Visiting Tayrona National Park

Colombia Tayrona Park Sign Colombia Tayrona Jungle
Colombia has a diverse number of national parks. The one I wanted to visit the most was Cocuy which is a high altitude park covered in snowy mountains. Because of the logistics you need to dedicate almost a full week to see the park properly. Above is a sign for Tayrona park which covers mountains and beaches along Colombia’s Caribbean coast and is only about an hour from Santa Marta. The sign states various things about the park such as the different types of tribal people that live here like the Arhuacos, Kankuamos, Kogi and Wiwa. On the right is some of the scenery I came across during a long day hike.
Colombia Hole Along the Trail Colombia Tayrona Indigenous People
Some parts of the trail are almost a scramble with large holes in the ground like the one on the left. At one point I visited a tribal village of the Kogi people seen on the right. I didn’t photograph the people as they seemed somewhat used to tourists and were wearing baseball caps and white T-shirts. Deeper within these mountains though are other tribal people who still truly live off the land and aren’t accustomed to foreigners. Supposedly the farther you get from the coast the less friendly they are since they are not used to contact with travelers.
Colombia Pueblito Carvings Colombia Pueblito City
My main reason for choosing this hike was to reach the remains of “Pueblito”, an ancient native city that is hundreds of years old. Originally I had planned to visit Ciudad Perdido, or the Lost City which is believed to be over 1,000 years old and much older than Machu Picchu. The Lost city is only reachable by hiking trails and you’ll need at least 5 days to get there and back. I ended up changing plans since I wanted more beach time. Pueblito is essentially the same as the lost city, but no where near as large or impressive. Above on the left was my first sign we were approaching the Pueblito, an animal carving left behind in rock. On the upper right is one of the city’s walkways leading up to what used to be terraces with grass huts built over them.
Colombia Pueblito Stairs Colombia Remains of Pueblito
Above are the remains of a long set of ancient stairs in the jungle that were once part of Pueblito. The Lost City actually is famous for its thousand stairs leading out of the jungle to the city itself. On the right is a large boulder with a section carved out to hold sacred relics.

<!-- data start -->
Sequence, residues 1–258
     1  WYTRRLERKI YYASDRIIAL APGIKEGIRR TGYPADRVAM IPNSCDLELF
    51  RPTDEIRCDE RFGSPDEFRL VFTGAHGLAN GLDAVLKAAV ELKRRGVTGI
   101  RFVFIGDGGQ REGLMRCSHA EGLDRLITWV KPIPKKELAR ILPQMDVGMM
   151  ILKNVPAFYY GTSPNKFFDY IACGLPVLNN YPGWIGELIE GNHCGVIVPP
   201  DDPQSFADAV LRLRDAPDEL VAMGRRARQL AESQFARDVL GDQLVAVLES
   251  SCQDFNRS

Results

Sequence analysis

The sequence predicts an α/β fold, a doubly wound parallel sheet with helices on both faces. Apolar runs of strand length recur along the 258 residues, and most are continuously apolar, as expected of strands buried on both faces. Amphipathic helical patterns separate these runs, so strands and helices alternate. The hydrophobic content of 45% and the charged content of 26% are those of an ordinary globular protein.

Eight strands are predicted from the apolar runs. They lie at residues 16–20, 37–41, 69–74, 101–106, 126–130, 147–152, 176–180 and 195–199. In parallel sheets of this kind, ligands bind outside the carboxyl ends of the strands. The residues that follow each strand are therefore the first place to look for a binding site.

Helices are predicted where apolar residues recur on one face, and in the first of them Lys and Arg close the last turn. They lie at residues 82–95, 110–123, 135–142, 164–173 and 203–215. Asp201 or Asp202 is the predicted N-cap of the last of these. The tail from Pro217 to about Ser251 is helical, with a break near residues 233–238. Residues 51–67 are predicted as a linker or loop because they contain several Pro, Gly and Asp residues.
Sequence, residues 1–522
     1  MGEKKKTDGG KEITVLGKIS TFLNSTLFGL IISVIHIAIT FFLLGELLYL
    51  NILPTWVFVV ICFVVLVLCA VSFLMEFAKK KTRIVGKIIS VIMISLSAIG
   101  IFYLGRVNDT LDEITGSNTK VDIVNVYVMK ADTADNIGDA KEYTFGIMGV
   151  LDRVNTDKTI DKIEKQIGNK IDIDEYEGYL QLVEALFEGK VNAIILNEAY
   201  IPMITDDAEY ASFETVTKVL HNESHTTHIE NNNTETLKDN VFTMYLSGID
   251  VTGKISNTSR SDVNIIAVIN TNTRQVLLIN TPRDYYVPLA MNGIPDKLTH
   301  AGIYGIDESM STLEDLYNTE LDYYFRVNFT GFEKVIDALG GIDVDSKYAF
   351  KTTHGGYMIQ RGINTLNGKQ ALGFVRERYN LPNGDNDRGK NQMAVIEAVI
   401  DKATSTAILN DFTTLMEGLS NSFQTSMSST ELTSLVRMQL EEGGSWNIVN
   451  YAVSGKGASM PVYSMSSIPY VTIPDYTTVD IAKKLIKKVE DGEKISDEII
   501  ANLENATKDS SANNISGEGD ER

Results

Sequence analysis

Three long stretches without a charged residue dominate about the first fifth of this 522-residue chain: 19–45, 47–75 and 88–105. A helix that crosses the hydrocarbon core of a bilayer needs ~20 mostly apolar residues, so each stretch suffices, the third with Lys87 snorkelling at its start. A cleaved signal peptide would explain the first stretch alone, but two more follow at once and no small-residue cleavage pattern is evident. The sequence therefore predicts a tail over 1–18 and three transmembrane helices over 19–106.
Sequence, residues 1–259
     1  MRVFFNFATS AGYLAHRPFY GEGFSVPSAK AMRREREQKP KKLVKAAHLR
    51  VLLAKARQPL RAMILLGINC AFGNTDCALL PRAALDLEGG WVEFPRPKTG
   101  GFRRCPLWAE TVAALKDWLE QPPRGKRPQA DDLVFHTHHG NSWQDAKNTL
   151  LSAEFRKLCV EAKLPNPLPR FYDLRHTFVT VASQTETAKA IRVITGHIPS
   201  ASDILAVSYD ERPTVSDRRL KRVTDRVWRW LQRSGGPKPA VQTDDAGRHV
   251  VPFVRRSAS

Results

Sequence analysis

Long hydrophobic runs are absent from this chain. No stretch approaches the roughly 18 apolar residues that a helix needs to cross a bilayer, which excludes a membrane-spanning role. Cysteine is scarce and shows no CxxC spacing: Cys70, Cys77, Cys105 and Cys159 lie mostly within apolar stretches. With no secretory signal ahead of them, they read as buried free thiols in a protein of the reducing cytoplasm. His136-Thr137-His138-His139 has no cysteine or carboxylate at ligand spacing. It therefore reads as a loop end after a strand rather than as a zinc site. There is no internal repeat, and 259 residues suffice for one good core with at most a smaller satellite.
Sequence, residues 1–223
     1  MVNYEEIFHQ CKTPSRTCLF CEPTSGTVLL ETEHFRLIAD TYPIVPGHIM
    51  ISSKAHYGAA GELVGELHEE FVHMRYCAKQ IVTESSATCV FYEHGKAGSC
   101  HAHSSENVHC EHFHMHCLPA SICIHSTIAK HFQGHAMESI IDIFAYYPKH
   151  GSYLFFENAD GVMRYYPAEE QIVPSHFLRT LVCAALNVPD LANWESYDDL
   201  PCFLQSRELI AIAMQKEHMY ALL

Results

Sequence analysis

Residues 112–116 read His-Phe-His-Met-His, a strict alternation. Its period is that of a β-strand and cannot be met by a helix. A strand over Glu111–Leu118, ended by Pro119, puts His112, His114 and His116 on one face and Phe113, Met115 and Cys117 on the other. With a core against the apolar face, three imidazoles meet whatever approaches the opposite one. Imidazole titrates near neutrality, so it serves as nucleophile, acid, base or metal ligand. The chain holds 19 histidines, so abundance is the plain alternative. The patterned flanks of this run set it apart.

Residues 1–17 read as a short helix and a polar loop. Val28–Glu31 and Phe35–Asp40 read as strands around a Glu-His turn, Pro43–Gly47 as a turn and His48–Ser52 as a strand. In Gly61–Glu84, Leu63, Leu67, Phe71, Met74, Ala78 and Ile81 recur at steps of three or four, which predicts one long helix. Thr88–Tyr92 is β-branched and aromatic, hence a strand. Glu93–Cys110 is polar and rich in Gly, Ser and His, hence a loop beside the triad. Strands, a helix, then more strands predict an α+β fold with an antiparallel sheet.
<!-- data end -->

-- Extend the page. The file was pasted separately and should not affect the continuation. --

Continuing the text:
Colombia Tayrona Beach Tayrona Beach
After the Pueblito you’ll have some more challenging hiking until the jungle opens up to the beach. Here I came across some of the most beautiful coastline I have ever seen. The only way to access this beach is by boat or through the jungle trails. Despite being a few hours hiking from the nearest road, there are a few bungalow restaurants here surrounded by camp sites that have dozens of tourists spending the night. The beaches here extend for miles in either direction so you only have to walk about 20 more minutes or so if you want your own private area. I swam here but the water was quite cold unfortunately. After the swim I walked along the beach for over an hour while enjoying perfect weather and beautiful new scenery. A trail along the beach will lead you back to civilization. You’ll be sharing it with other tourists, local Colombians and even people on horseback.
Colombia Beach Women Colombia Tayrona Coastal Birds
Colombia Tayrona Leaf Cutter Ants Colombia Tayrona Leaf Cutter Ants
I’ve seen leaf cutter ants on a previous trip to South America but that was in my pre-photography days when I didn’t have a camera and also didn’t even know much about these ants. What fascinates me about leaf cutter ants is that they are essentially farmers. They cut down leaves from a tree and carry it underground where they feed it to a type of fungus which they then feed on.
Colombia Tayrona Lizard Colombia Tayrona Lizard
I saw the species of lizard on the upper right many times during my hike. These guys were fast and always darting away and difficult to photograph. The colorful lizard on the right I only saw as I neared the coast. The smaller lizard on the left was maybe about 3 or 4 inches long while the other lizard was closer to a foot.
Colombia Tayrona Spider Colombia Tayrona Beetle
When I went hiking in the jungle in Colombia I was attacked by an angry mob of disgusting tiny flies that made sores that itched much worse than a mosquito bite. It was difficult to sleep the next night because I itched and burned all over. These larger bugs above didn’t bother me since I was able to see them. I’m not sure if the spider is poisonous but I’ve seen this species or a closely related species of this spider all over the world. The beetle was definitely harmless and I even picked it up for a while before sending it back on its mission in life.
Colombia Tayrona Pineapples Colombia Tayrona Peppers
Nothing is better than hiking in the jungle and finding a food you’d normally buy from the supermarket in its natural habitat. On the left is a pineapple that was naturally growing as well as some hot peppers. For some reason I thought pineapples grew from large trees, but you learn something new everyday on the road!

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